This book includes additional insight and information about teaching authentically and the use of authentic projects with diverse learners at all age levels. The authors’ experiences that teaching authentically is the best way to engage and teach students has been re-enforced by the success of the school’s staff and students as they travel further down this path.
Available in Paperback and on Kindle from Amazon.
A few weeks ago I wrote a blog about a visit to the PEZ Factory and how a fun authentic project might be about the history of favorite candies. I mentioned that Milton Hershey was almost a passenger on the Titanic, and a student might end up doing a project about those who perished on the Titanic. So, how does a teacher keep control of a project if students end up following different paths of interest. The key is for the teacher to have very clear objectives and goals before the driving question/authentic project is introduced.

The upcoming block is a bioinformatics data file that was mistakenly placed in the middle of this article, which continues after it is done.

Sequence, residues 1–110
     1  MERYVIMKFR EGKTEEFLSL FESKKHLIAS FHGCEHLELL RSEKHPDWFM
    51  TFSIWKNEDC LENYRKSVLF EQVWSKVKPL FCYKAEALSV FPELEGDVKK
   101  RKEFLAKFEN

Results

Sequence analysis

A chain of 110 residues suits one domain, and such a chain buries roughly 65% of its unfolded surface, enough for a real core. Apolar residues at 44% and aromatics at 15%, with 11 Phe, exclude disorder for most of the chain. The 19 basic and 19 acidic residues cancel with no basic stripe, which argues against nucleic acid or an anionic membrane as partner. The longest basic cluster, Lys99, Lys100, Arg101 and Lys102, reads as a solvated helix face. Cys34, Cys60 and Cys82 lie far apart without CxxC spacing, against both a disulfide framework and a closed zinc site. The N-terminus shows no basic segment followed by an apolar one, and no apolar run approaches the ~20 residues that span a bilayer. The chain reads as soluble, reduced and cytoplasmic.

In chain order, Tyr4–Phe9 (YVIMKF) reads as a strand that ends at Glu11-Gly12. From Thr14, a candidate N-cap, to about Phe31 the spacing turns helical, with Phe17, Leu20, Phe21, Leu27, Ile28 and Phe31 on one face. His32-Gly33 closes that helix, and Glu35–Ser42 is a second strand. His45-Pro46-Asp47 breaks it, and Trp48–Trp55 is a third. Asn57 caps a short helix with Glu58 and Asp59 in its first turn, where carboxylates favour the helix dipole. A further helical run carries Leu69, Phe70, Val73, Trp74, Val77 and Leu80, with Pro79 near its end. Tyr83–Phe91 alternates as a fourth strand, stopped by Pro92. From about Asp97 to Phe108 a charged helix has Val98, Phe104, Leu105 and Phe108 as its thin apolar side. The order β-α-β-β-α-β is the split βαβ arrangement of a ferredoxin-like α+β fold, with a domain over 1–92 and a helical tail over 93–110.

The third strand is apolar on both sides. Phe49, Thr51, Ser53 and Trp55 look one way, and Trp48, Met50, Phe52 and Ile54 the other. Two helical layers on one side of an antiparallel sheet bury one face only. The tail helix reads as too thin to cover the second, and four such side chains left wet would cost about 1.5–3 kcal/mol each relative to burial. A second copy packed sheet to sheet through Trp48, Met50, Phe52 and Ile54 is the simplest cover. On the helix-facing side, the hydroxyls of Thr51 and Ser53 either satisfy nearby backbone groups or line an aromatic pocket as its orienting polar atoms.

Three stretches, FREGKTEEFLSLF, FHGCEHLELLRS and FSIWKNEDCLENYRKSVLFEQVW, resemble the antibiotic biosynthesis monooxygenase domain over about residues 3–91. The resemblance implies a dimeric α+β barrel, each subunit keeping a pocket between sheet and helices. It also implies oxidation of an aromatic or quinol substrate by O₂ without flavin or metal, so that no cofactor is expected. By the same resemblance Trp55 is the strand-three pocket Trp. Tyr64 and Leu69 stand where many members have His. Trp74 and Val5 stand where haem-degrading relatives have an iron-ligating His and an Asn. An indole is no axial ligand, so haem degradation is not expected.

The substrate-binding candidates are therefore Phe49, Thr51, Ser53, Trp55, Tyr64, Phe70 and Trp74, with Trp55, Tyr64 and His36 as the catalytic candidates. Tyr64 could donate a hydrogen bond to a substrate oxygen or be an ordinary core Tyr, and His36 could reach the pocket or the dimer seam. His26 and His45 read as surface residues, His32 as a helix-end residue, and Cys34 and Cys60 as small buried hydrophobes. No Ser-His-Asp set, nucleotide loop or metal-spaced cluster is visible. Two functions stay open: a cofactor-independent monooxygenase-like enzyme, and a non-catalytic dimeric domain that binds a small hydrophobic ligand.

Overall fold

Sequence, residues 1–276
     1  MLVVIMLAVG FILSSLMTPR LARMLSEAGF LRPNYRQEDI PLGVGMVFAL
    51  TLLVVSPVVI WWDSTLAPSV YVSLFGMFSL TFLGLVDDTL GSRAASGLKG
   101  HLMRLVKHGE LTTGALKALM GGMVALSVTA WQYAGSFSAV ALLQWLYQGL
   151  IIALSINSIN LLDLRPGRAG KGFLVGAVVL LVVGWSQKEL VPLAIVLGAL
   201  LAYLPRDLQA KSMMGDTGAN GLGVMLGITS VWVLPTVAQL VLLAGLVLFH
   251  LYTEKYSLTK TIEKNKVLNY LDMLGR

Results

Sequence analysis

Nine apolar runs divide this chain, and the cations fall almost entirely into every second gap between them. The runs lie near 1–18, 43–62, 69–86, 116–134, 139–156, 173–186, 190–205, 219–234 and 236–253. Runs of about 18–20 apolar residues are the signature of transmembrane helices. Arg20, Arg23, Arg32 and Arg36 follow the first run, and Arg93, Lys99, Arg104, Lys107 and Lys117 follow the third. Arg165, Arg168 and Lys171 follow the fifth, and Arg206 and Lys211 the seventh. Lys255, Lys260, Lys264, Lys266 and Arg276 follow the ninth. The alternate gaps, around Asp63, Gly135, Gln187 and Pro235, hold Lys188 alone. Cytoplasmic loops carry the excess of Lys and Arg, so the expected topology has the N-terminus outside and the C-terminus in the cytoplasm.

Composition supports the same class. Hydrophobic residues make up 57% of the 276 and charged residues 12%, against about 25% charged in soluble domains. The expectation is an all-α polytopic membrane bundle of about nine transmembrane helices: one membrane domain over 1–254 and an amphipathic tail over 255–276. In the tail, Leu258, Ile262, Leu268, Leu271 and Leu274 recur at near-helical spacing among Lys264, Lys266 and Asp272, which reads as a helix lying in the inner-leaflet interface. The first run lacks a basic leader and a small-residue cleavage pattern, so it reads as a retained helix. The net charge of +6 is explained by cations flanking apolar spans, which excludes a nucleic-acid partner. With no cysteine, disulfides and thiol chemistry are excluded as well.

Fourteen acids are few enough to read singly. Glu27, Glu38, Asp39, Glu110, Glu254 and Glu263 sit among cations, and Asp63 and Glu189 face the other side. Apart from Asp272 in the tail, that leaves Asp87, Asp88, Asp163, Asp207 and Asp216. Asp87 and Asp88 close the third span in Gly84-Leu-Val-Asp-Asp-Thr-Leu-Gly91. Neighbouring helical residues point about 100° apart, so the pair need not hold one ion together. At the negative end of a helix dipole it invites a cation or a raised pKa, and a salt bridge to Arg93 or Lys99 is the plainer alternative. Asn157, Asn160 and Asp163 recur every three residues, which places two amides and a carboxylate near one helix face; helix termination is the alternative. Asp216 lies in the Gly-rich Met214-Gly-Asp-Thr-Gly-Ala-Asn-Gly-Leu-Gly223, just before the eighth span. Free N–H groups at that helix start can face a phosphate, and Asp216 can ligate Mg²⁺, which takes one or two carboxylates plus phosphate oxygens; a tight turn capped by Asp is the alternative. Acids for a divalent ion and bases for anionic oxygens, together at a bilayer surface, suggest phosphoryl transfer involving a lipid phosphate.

For example, if your goal is to teach time lines, then the history of a candy is a perfect project. And if a student decides to research the Titanic, there is a fascinating time line to create for that.
With very clear goals, it is not that difficult to incorporate a student’s interests and authentic discoveries into the project.
And if you read my blog a few weeks ago, my time line shows how long it took my husband to discover he liked PEZ candies and how long it took him to eat a bucket full of them…
On a recent road trip through Connecticut, my husband and I ended up at the PEZ Factory. We saw the sign on the highway and decided to check it out. It is not a big factory, but they produce all the PEZ candies for the United States and Canada.
I knew nothing about PEZ, so I decided to do some research after we left the factory. It is a fascinating story about how the candy came to be.
With Halloween approaching, it may be the perfect time for authentic projects about the history of favorite candies. Another fascinating story is the history of Hershey Chocolate, including how close Milton Hershey came to being a passenger on the Titanic…before he invented Hershey Chocolate!